I love the word ain't and can't wait to use it again now that I see duo accepts it. I hope y'all will do the same. Languages are living things. The fun stops when we forget that. I like to say Howdy instead of Hi. I tend to swallow Hi and people can't hear me. Plus I figure it weeds out the snobs. When it comes to languages my hero is any 6 year-old. Except in English, they speak better than I do even with any and all mistakes. When I was living and studying in France I heard "C'est pas..." on the street. When I asked my French teacher about it, she wouldn't acknowledge what it meant. She would only say, "No, it's 'Ce n'est pas..." FYI C'est and Ce sound the same. She did it three times and I just walked away. If we were in the US then fine, but she did nothing to help me communicate with people. Another example is "Tu as vu?" which gets compressed to "T'as vu?" Gotta say, I love this saying. This new (to me) or full version has alot ( :-) ) of wisdom in it.
Can anyone out there who is a spanish speaker please explain to me what this idiom is usually meant to express? Thanks
I thought it might be the same as "Love is blind" with the added tag meaning "but those who aren't in love can see the loved one's qualities more clearly.
This was so good, made me laugh out loud even though I am in a restaurant
I just heard this idiom used in an episode of Criminal Minds. The profilers were in Mexico looking for a serial killer. It was translated on the show as "Love is blind but the neighbors are not"
I never heard it before either but it makes perfect sense depending on your wisdom I guess! What it means is ...Say for instance someone is getting beat by her husband but she stays and if you ask why of course she will no doubt say CAUSE I LOVE HIM! ((SHE IS BLINDED BY LOVE)) so much so she stays!! HOWEVER the neighbors see and hear everything very clear and they don't love him so they are not blinded and see him for the ass that he is. (It's a metaphor / analogy) OKAY HAVE YOU EVER HAD A GIRLFRIEND THAT WAS A PSYCHO AND YOUR FRIENDS TRIED TO TELL YOU BUT ... NOOOOO BECAUSE YOU LOVED HER SO YOU STAYED ....Then one day it hit you F this broad cause you either opened your eyes or she dumped you and you were forced to get over it basically ... Now you might laugh at it now like OMG I can't believe I tripped over that whore monger ... GET IT? YOU ARE IN THE PICTURE! SO YOU CAN'T STEP BACK AND SEE IT FOR EVERYTHING IN IT BUT OTHERS CAN CAUSE IT'S IN FRONT OF THEM ... KEYWORDS : METAPHOR / ANALOGY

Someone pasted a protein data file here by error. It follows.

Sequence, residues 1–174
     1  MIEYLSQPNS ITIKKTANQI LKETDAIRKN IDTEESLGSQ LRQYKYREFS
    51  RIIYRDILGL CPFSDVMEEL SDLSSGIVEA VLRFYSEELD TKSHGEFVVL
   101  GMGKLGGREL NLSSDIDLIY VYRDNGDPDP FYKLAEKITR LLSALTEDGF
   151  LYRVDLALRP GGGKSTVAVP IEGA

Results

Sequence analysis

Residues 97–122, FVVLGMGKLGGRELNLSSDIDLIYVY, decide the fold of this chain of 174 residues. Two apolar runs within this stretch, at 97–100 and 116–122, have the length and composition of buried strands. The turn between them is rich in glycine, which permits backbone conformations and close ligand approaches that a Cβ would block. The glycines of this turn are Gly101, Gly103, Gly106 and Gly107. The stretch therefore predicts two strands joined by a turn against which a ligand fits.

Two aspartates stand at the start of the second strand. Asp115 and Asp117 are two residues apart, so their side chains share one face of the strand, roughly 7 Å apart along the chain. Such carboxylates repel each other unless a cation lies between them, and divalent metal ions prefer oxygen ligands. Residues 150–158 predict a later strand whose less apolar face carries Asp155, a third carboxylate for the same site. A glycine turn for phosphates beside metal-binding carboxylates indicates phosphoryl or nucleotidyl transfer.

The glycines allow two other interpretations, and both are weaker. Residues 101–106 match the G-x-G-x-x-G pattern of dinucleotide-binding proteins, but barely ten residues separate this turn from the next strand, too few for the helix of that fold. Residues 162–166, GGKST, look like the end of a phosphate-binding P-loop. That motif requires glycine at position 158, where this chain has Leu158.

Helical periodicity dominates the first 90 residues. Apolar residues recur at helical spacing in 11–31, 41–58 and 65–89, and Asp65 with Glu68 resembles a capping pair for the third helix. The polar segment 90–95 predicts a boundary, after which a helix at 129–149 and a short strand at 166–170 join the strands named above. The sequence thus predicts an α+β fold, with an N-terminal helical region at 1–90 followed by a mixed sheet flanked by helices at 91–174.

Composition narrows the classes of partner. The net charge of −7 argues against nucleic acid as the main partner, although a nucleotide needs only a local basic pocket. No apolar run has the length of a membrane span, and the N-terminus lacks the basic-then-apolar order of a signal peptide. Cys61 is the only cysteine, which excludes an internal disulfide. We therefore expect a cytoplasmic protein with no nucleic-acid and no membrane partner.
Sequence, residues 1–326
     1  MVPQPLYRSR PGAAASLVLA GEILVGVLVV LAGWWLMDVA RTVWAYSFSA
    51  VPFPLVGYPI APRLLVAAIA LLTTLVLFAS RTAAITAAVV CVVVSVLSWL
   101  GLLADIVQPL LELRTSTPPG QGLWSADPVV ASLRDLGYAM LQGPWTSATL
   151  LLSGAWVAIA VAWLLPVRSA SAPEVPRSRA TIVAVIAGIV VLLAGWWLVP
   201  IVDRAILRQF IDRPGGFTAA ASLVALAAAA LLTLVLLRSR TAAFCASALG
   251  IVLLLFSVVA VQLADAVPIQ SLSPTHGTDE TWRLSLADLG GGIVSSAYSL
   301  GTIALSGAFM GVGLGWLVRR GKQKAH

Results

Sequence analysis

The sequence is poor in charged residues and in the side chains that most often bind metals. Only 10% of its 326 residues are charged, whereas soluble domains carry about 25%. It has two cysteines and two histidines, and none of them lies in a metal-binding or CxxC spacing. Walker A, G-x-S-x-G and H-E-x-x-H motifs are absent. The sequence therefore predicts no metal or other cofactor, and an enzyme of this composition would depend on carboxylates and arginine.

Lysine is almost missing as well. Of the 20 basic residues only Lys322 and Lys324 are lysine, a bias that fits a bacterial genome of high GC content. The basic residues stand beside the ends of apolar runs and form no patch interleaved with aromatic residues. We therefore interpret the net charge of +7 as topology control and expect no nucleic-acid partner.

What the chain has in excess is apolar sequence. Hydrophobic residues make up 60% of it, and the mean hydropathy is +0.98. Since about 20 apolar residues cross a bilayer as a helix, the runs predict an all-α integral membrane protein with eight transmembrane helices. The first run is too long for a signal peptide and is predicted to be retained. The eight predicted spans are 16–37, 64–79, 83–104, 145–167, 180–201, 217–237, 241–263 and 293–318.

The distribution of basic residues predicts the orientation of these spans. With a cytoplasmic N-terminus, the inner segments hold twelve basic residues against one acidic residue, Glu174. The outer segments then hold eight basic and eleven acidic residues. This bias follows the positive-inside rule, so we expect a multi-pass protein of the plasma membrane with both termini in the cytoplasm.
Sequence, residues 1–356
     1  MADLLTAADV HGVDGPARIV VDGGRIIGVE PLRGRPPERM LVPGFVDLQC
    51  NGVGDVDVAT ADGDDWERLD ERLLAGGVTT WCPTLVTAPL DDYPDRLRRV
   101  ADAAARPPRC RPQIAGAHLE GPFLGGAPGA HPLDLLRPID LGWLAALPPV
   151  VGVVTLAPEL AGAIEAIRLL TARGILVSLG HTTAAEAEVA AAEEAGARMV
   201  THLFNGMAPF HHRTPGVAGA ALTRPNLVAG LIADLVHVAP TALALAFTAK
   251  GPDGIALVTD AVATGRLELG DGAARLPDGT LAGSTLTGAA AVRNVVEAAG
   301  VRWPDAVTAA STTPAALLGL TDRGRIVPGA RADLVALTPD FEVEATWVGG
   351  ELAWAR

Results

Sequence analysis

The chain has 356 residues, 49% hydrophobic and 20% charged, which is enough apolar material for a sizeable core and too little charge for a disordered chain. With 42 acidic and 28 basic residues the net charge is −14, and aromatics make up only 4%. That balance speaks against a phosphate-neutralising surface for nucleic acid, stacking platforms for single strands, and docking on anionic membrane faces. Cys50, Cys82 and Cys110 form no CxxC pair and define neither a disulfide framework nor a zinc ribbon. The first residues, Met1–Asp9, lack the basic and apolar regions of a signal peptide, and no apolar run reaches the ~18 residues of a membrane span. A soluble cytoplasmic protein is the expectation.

"Love is blind" is very common in England but the bit about the neighbours sound like something muy de pueblo in Spain.
Definitely used in English. My parents (both from Kent) used it regularly. I think it is just a case that in more recent years it has become shortened, initially because people assumed that the rest of the idiom was known and then, as is being shown here, because it was not.
What in this sentence comprises the word "ain't"? That is, what would be the incorrect Spanish just as "ain't" is incorrect English? It simply looks to me (as a beginner) that "Love is blind but the neighbors are not."
"Ain't" is not incorrect, it is merely non-standard and informal.
That said, the entire thing is just a figure of speech. Don't expect a full word-for-word translation where one isolated bit in one language exactly corresponds to an isolated bit in the other language.
First of all, I can't figure out what kind of order these comments follow. I would have thought my comment and your reply would have been at the bottom of the list.
But to my question, I guess what I'm asking is that when this is said in Spanish, is there something very informal about it as there would be if we said "Ain't love wonderful?" I was trying to get to what makes this sentence so informal that the translation would include "ain't"?
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When it comes to things like this, it's more a matter of that's just what the equivalent expression is. Register of speech is secondary here. It's not like "Hello, how are you?" vs "Yo, 'sup?"
Not to be difficult, but I think it would be important to know if I were saying the equivalent of "Yo, 'sup?" as opposed to "Hello, how are you?" Can I assume DuoLingo is not going to teach me something that would be inappropriate in certain company?
Here's the whole thing:"Never kiss by the garden gate./ Love may be blind but the neighbors ain't." So, my mother informed me.
The first part of the proverb is commonly used in Arabic but not the second part.
I thought these would be actual Spanish Idioms.. these are all American/ English ones translated into Spanish...
I'm with you. Most of these aren't even idioms but rather proverbs or adages. An idiom is something like "to kick the bucket" or "to raise Caine" or " to raise a red flag" or " to hoist by one's own petard". It's an expression where you can't necessarily know or even guess the meaning from the words alone.
I learned several good ones in Dutch. "Hij ligt op apegapen" literally to lie gasping like an ape meaning dead tired or at your last gasp. Or "de pijp uit gaan" litterally to go out of the pipe... meaning to die.
The usage of ain't. . . Seems wrong try saying Love is blind but neighbors aren't
Ain't is not word. Aren't would be put to better use here. That or saying the neighbors are not